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Mitt Romney

Double Down, Mark Halperin and John Heilemann’s sequel to their 2010 bestseller Game Change, provides a near-perfect distillation of the mindset of what bloggers call “the Village.” Like Bob Woodward—their role model and only real competition when it comes to metaphorical shoe size—the double H’s make their own rules. They pay next to no attention to actual issues and none whatsoever to traditional methods of sourcing and evidence. They write sui generis sentences filled with made-up, often mixed-up words. And they burn their interviewees when it suits their needs and then threaten them with more of the same should anyone have a problem with that.* But because they have managed to create a franchise that sells gazillions of books and spawns HBO movies and makes many millions of dollars, they get away with all of it. Politico’s editors might as well throw away all their silly staff memos and simply instruct their worker bees to double down on Double Down (ideally twice a day).

About the Author

Eric Alterman
Eric Alterman
Eric Alterman is a Distinguished Professor of English, Brooklyn College, City University of New York, and Professor of...

Also by the Author

The architects of our foreign-policy disasters would prefer we simply forget the past.

As with its predecessor, Double Down deserves scholarly scrutiny not for its (admittedly) gold-standard gossip, but for what it reveals about the inner life of American politics. It consists of nearly 500 pages of pure Village Vulcan mind-meld. Alas, I can only do justice to a tiny portion of this in a column, and so I will focus on just one aspect: the authors’ contempt for liberals and the manner in which this skews their presentation of the facts.

The book’s description of President Obama’s apparent anger over a leak to “two authors writing a book on the 2012 campaign” without naming themselves is itself annoying, but the substance of Obama’s lengthy complaint to his staff is what really ought to interest us. Speaking before a large contingent of his re-election team in September 2011, the president expressed his anguish, according to their sources, over the fact that “his progressive impulses had too often been trumped by the demands of pragmatism. That he had trimmed his sails in just the way his critics on the left had charged.”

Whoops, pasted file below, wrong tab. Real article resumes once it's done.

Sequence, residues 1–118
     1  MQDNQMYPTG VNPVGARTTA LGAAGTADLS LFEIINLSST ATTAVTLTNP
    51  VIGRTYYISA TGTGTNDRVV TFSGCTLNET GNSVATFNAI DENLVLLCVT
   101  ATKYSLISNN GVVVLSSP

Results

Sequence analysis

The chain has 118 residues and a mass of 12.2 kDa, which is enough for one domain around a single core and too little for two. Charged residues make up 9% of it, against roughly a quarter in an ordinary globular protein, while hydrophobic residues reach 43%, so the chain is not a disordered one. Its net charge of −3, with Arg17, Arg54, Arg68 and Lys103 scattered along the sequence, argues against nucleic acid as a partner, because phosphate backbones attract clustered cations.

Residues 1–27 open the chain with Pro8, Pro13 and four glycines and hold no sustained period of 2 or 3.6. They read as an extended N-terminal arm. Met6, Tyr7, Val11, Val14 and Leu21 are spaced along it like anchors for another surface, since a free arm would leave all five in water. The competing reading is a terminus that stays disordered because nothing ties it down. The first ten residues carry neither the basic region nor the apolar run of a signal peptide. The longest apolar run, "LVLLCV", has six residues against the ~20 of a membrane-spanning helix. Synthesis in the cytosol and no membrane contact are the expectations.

And yet this “pragmatism” of which the authors speak is little more than Obama’s consistent capitulation to the very same right-wing ideological assumptions this narrative so frequently adopts. Recall that in June 2011, Mark Halperin was suspended from MSNBC for referring to President Obama on live television as “kind of a dick” for the crime of demanding even minimal revenue increases from Republicans in exchange for embracing their demands for draconian cuts in the social safety net. Recall also that Halperin, whose past coverage of Karl Rove has verged on the hagiographic, traveled on a pilgrimage to the land of Sean Hannity and Bill O’Reilly to state on behalf of himself and his colleagues that “we understand that we’ve got to not be liberal.” Of 2008’s election reporting, he detected a “disgusting failure” present in its “extreme bias [and] extreme pro-Obama coverage.”